Synopses & Reviews
"In this book the father comes to life as a whole human being in analytical theory."
British Journal of Psychiatry
"A most welcome book...A rich compendium on a theme that all readers will recognize as one that has, until recently, been conspicuous by its absence in the literature of both analytical psychology and psychoanalysis."
Journal of Analytical Psychology
A rapprochement of analytical psychology with psychoanalysis is long overdue. Much of the movement in this direction has stemmed from the professional organizations in San Francisco and London. With this volume, Samuels has made a valuable contribution to this development. A very fair and helpful review of the relationship between Freud and Jung and the differences that developed in their psychologies, partly as a result of the interaction between the two pioneers, is included in the editor's introduction."
"An erudite and excellent introduction...provides a clear exposition of the key issues that caused dispute between Freud and Jung, a summary of Jung's view on the structure and dynamics of the psyche and his view of therapy. It is commendable that many of the papers that follow provide a wealth of clinical illustrations."
"Important for clinicians, The Father will also serve the general reader who has had aminimal introduction to Jungian thought and who seeks further authoritative insight."
Reference and Research Book News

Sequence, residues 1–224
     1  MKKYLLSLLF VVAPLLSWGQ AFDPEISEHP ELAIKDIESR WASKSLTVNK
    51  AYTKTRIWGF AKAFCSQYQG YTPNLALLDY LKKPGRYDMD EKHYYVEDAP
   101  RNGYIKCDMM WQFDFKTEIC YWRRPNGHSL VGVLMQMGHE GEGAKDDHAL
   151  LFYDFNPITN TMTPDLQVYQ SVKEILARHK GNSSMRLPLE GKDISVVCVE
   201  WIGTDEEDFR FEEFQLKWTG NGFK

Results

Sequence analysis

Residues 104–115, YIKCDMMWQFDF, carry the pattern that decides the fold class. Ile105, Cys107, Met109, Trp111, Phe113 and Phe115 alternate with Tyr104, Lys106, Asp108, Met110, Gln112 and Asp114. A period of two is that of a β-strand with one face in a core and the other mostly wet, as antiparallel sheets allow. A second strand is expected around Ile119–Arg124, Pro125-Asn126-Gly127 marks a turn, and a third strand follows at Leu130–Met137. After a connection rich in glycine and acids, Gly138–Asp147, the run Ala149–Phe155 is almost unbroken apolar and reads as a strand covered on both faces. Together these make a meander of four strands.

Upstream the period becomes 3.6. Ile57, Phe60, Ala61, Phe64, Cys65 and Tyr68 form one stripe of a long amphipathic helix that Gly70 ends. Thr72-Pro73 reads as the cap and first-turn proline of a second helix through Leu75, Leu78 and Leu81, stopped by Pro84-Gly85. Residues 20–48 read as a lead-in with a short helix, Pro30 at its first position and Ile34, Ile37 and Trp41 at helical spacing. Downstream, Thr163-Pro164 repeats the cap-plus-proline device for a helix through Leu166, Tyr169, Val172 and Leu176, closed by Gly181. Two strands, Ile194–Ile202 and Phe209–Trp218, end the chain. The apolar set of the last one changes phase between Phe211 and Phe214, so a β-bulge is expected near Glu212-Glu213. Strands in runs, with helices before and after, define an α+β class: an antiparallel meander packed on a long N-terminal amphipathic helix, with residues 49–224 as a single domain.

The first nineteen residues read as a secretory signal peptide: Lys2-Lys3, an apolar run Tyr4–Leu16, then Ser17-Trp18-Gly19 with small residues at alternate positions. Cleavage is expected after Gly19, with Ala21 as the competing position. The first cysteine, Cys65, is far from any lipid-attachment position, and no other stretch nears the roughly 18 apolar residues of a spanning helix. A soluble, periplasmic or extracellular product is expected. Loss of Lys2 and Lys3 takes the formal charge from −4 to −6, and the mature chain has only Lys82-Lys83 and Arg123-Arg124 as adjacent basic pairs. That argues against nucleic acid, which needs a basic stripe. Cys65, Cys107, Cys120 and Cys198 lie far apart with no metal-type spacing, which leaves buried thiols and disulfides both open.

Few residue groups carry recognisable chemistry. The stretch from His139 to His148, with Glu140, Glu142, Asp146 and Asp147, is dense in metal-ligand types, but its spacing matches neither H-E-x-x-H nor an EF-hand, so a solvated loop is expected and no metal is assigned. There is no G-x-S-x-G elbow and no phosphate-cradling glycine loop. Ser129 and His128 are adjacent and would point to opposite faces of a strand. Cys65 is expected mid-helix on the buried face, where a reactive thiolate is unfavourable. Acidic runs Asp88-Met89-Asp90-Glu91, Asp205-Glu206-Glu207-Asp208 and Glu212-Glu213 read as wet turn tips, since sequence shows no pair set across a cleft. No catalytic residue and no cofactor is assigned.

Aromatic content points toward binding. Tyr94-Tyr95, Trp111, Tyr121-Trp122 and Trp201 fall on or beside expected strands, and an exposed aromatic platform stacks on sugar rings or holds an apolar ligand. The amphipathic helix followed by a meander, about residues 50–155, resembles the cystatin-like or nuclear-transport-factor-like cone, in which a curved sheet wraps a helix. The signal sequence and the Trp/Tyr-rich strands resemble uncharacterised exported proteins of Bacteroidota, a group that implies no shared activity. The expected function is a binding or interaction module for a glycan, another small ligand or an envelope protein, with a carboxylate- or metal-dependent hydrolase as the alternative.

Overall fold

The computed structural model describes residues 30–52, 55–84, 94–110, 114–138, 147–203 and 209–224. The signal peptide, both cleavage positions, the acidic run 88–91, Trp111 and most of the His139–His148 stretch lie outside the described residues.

"True to its subject, this book opens witha tantalizing archetypal dilemma...which in this case, is the psychological consequences of feminist consciousness among men. Samuel's excellent introduction describes the Jungian perspective."
Boris Vinokurov, of Gostelradio in the former Soviet Union, was found insane, along with his wife and daughter, after he called prematurely for a bipartisan economy and communication system. The Ukranian mathematician Leonid Ivanovich Plyushch was arrested and diagnosed as schizophrenic with messianic and reformist delusions, after helping found the Action Group for the Defense of Human Rights. He spent nearly four years in psychiatric detention, where he survived massive doses of drugs, and lived to emigrate in 1978.
There is little doubt that the Soviet state frequently hospitalized healthy individuals, either involuntarily or voluntarily admitted by relatives and others, for political activity or religious observance. All too frequently, political activists would come down with acute cases of asymptomatic psychiatric conditions that were purported to require detainment and heavy medication. Forced hospitalizations took place on a scale corresponding to the activity level of the dissident movement. In No Asylum: State Psychiatric Repression in the former USSR, Theresa C. Smith and Thomas A. Oleszczuk offer the first detailed quantitative study of psychiatric abuses in the USSR, based on more than 700 well-substantiated individual cases.
About the Author
Theresa C. Smith is Professor of International Relations and Foreign Policy at Mankato State University in Minnesota, the author of Trojan Peace: Some Deterrence Propositions Tested, and editor of Security vs. Survival: The Nuclear Arms Race.
Thomas A. Oleszczuk is Associate Director of Computing and Information Technology at New York University's Stern School of Business and the author of Political Justice in the USSR.